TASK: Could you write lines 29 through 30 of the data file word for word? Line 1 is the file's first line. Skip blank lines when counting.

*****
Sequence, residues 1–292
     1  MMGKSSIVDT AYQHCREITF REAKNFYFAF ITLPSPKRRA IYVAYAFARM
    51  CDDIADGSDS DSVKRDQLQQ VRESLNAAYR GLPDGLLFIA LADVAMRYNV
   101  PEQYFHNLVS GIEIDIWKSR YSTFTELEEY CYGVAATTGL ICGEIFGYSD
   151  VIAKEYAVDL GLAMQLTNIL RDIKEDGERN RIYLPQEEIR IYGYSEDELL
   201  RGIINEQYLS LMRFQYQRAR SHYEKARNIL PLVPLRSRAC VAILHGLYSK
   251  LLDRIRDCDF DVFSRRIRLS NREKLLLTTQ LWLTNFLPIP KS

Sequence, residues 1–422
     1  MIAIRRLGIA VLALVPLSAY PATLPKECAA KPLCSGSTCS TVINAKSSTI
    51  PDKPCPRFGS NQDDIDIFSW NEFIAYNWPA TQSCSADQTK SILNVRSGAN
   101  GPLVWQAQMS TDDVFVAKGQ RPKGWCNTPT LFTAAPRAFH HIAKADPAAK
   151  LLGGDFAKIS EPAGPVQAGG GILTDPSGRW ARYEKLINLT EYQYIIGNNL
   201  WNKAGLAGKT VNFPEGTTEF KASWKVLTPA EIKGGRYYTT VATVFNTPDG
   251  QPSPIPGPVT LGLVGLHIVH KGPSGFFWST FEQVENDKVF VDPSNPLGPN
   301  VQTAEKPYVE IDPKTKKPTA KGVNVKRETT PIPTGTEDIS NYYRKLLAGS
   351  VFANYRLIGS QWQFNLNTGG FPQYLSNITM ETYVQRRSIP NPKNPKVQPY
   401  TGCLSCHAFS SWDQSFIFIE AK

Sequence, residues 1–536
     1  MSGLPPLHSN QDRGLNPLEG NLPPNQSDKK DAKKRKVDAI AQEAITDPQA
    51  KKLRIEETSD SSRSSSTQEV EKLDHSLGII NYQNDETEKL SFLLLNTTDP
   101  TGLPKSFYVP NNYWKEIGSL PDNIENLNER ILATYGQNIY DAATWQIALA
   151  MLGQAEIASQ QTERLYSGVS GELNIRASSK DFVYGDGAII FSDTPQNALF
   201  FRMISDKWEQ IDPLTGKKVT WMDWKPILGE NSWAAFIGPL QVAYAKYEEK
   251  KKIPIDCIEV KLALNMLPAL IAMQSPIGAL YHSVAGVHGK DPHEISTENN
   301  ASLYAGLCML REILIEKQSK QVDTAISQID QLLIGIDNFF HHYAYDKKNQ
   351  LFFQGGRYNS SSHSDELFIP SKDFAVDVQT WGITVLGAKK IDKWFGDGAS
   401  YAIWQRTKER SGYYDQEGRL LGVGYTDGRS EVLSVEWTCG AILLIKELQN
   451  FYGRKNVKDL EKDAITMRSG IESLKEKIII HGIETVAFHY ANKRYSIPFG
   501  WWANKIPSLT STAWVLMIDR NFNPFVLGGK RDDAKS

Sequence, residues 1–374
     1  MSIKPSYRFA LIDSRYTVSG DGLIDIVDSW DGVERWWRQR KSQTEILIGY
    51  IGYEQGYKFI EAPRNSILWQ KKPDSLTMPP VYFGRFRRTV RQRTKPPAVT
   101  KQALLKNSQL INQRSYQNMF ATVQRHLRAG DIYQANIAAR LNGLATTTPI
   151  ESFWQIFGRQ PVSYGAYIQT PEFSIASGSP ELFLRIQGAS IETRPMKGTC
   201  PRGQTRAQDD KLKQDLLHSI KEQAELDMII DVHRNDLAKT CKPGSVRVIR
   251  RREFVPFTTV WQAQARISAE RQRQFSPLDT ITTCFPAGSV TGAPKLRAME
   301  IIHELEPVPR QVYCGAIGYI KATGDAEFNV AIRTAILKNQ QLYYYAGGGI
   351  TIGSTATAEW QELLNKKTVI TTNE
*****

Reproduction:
   501  WWANKIPSLT STAWVLMIDR NFNPFVLGGK RDDAKS

Sequence, residues 1–374